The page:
A Sense of Self-Protection

Chapter ten–almost through the twelve-week Artist’s Way recovery course–is where we learn about recovering a sense of self-protection. We all need to learn to protect ourselves from the crazymakers in our lives (see chapter two) and when to say “no” to infringements on our creative time and space.

But I took a different twist on this chapter. Cameron writes about the “dangers of the trail.”  When creative energy starts to flow and you’re not sure where it’s leading, you might feel shaky and out of control. Where is this path taking me? You slam your foot on the brakes; your artist child sits down in the middle of the road and refuses to take another step. This, in a sense, is another form of self-protection: we protect ourselves from fear of the unknown.

As a writer, I have heard and read, written, and spoken a lot about writer’s block, but I am only recently beginning to understand that there is only one thing responsible for writer’s block: ME. Wether we realize it or not, we all have our favorite ways to block creativity (because, you know, that Muse can be a scary bitch).

My go-to blocks are sleep, daydreaming, reading, television, and Facebook. And sometimes food. I need a muffin. Now.

For some, alcohol, drugs, or destructive relationships might be the chosen blocks. Others escape into busyness–work, work, work to numb out those nerve-wracking creative ideas.

How to stop reaching for blocks? Make friends with creativity-induced anxiety. Allow yourself to feel the anxiety and use it to fuel your imagination. Put on some calming music, or whatever music motivates you and helps you focus. Exercise. A simple twenty minute walk can calm nervous energy, un-jumble anxious thoughts, and bring clarity to your path forward.

I don’t mean to over simplify what can sometimes be a crippling issue, but here is another situation where small steps can bring about big changes. If you recognize that your artistic blocks might be self-induced, that can be the first step to overcoming them.

o-CALIFORNIA-DROUGHT-facebookIt is easy to confuse a block with a time of drought. While blocks are often self-induced, droughts “appear from nowhere and stretch to the horizon like a Death Valley vista.” (p.169).

 

A creative block is when the Muse is speaking, but we are not listening. In a drought, she is silent. “A drought is a tearless time of grief. We are between dreams.” (p. 170) I am learning to appreciate these periods as a time of gestation. A new dream is being implanted.

But how can anything grow in that parched landscape? Think of your morning pages as rain. To continue the practice of writing, stream of consciousness, three pages every morning when you feel it is an empty exercise–that is an act of faith. It will water the tiny seed that you may not be aware of yet and eventually, it will bloom and the drought will end.bloom-where-planted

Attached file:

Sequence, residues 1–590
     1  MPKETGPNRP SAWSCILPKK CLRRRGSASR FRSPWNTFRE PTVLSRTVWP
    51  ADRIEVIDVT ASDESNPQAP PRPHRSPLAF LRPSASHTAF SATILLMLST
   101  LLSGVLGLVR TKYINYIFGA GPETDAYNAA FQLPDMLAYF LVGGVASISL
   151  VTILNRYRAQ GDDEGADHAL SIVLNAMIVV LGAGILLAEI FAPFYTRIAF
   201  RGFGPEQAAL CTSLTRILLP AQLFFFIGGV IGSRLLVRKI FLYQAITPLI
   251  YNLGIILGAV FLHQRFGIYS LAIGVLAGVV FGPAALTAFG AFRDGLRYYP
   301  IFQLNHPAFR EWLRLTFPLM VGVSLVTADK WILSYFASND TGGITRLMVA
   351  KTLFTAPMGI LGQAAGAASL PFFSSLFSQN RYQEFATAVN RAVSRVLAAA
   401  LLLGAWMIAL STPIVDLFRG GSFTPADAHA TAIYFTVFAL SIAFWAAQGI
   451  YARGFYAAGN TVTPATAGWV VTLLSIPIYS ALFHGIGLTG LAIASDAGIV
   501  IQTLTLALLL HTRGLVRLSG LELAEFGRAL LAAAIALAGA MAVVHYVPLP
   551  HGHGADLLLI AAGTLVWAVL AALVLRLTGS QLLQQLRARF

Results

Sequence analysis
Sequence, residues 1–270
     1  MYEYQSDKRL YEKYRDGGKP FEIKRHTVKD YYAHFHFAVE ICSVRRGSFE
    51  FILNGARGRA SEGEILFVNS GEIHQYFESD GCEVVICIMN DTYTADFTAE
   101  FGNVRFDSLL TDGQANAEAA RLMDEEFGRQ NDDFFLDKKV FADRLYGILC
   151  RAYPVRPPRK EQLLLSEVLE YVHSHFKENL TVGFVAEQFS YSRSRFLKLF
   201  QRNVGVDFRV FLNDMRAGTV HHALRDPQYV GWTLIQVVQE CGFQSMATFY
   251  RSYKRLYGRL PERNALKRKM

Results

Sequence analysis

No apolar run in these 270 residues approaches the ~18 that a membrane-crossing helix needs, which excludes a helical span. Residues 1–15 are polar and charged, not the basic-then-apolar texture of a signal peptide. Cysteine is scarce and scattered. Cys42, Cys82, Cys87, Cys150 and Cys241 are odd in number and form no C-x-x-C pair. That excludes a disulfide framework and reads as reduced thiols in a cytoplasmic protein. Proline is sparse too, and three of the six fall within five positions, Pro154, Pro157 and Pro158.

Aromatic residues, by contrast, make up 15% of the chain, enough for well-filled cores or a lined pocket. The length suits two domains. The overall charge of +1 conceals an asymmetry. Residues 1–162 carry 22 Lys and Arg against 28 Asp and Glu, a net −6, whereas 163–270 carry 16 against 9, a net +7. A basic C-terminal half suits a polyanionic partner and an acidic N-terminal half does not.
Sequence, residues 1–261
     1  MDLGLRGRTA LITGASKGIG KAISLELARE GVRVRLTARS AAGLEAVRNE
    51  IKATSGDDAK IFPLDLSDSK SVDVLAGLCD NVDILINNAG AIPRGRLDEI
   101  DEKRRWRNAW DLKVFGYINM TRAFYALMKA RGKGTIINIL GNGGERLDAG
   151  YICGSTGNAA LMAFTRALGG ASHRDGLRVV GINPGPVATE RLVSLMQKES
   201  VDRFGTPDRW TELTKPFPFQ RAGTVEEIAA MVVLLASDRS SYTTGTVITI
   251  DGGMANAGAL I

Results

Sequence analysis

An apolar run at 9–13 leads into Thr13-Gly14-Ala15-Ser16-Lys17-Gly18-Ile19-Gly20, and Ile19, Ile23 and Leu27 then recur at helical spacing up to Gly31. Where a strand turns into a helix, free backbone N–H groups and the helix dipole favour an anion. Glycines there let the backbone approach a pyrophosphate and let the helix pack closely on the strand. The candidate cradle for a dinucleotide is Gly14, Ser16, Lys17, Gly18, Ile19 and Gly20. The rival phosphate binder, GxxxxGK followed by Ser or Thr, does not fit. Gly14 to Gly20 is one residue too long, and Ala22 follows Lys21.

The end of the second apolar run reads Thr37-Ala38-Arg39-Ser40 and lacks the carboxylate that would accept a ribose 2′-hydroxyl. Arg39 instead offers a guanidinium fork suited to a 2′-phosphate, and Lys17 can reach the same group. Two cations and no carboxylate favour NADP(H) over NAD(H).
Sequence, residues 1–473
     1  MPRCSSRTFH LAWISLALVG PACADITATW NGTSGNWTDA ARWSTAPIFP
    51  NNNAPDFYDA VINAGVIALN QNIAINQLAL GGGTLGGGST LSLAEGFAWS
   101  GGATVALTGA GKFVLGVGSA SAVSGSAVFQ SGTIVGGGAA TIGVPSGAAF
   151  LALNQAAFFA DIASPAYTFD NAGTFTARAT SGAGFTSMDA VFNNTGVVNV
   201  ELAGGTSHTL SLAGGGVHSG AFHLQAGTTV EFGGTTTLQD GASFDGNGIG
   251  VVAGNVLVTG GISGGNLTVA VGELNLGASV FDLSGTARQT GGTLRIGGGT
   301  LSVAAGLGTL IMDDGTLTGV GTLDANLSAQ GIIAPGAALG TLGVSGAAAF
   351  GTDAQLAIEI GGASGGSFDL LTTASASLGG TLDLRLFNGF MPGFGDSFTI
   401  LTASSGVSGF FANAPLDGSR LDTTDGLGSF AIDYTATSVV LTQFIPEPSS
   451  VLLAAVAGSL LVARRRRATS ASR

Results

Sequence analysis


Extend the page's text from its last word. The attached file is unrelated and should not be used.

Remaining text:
What do you do when you feel creative energy carrying you along at a faster pace than you want to go, or you’re not sure what direction it’s leading you? Do you go with the flow or do you go into self-protection mode and reach for one of your favorite blocking devices to slow things down? Are you even aware that is what you are doing?

Have you experienced a creative drought? Are you in one now? Hang in there. Keep writing morning pages, and a path will emerge.

2 thoughts on “A Sense of Self-Protection

  1. Recognizing the anxiety for what it is and embracing it is key. Even a few deep breaths and a positive affirmation can help. I find that I’m never without ideas, but get overwhelmed with too many choices. What if I write it wrong?? My favorite avoidance behaviors are reading, running errands, surfing the internet and getting sucked into a project unrelated to writing. The most difficult thing is making myself sit down and write. I’m almost always in avoidance mode. What’s interesting is that when I do finally start to write, most of the time I enjoy it, regardless of the quality of work I’m producing.

    • I agree, Jill, the abundance of ideas can be as disturbing as a lack of ideas. I think the key is to pick one and go with it, play with it for a while and see where it leads. I’m trying to retrain myself to focus on the joy I find in creating something, rather than on whatever fear or hesitation causes me to avoid it.

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